United States Presidential Election in South Carolina, 1968
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United States Presidential Election in South Carolina, 1968
1968 United States presidential election in South Carolina

← 1964 November 5, 1968 1972 →
  Richard Nixon portrait.jpg George C Wallace.jpg Hubert Humphrey crop.jpg
Nominee Richard Nixon George Wallace Hubert Humphrey
Party Republican Independent Democratic
Home state New York[a] Alabama Minnesota
Running mate Spiro Agnew Curtis LeMay Edmund Muskie
Electoral vote 8 0 0
Popular vote 254,062 215,430 197,486
Percentage 38.1% 32.3% 29.6%

South Carolina Presidential Election Results 1968.svg
County Results

President before election

Lyndon B. Johnson
Democratic

Elected President

Richard Nixon
Republican

The 1968 United States presidential election in South Carolina took place on November 5, 1968. All 50 states and the District of Columbia were part of the 1968 United States presidential election. South Carolina voters chose 8 electors to the Electoral College, who voted for president and vice president.

Background

For six decades up to 1950 South Carolina was a one-party state dominated by the Democratic Party. The Republican Party had been moribund due to the disfranchisement of blacks and the complete absence of other support bases as the Palmetto State completely lacked upland or German refugee whites opposed to secession.[1] Between 1900 and 1948, no Republican presidential candidate ever obtained more than seven percent of the total presidential vote[2] - a vote which in 1924 reached as low as 6.6 percent of the total voting-age population[3] (or approximately 15 percent of the voting-age white population).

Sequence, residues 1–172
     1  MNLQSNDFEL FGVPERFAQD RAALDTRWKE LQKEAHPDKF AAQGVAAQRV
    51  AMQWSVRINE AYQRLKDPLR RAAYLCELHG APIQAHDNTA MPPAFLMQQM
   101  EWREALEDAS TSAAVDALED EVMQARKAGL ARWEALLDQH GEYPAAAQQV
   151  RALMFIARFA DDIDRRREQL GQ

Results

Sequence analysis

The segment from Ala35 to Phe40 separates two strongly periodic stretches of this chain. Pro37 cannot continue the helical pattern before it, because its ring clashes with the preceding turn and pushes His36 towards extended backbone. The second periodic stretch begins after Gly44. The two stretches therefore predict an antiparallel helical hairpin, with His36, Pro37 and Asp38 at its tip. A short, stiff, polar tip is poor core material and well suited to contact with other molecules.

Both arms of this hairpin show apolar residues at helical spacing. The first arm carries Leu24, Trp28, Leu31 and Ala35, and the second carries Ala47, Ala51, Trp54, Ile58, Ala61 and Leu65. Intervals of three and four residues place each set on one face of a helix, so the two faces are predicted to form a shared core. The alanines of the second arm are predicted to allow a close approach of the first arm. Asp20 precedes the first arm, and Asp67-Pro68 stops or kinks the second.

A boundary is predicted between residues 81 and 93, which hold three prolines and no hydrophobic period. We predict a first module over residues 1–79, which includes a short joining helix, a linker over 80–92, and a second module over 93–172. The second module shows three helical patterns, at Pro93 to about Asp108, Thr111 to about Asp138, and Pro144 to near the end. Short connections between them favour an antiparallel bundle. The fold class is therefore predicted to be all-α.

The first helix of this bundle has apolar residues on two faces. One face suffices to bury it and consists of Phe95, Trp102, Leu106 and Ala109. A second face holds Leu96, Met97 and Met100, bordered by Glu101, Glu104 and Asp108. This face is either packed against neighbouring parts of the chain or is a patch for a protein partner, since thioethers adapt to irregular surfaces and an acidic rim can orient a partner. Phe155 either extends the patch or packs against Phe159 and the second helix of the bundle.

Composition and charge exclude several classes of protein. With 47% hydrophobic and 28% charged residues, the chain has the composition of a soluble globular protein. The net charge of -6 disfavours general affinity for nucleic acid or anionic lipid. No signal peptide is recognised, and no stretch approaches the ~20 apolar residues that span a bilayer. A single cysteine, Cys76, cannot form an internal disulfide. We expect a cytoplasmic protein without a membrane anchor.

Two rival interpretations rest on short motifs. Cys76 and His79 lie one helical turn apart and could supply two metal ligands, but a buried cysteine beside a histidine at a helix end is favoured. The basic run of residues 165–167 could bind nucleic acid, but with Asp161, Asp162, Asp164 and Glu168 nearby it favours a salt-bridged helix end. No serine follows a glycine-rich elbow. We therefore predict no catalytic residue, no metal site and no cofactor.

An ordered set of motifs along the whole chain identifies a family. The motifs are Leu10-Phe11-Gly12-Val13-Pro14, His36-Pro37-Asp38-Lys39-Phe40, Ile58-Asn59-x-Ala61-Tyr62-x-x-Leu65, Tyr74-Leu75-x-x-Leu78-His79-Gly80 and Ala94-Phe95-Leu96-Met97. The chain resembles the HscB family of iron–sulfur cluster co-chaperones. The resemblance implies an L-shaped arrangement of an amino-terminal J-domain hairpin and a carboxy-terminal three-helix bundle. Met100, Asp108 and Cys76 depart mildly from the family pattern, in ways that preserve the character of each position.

Following Harry S. Truman's To Secure These Rights in 1947, the following year South Carolina's small electorate overwhelmingly rejected him in favour of state Governor Strom Thurmond, who won 71 percent of the state's limited electorate and every county except poor white industrial Anderson and Spartanburg.[4] During the 1950s, the state's wealthier and more urbanized whites became extremely disenchanted with the national Democratic Party and to a lesser extent with the federal administration of Republican Dwight D. Eisenhower.[5] However, aided by the state's abolition of its poll tax in 1950, the poor white upcountry provided enough support to national Democrats Adlai Stevenson II and John F. Kennedy to, aided by substantial majorities amongst the small but increasing number of blacks able to vote, keep the state in Democratic hands.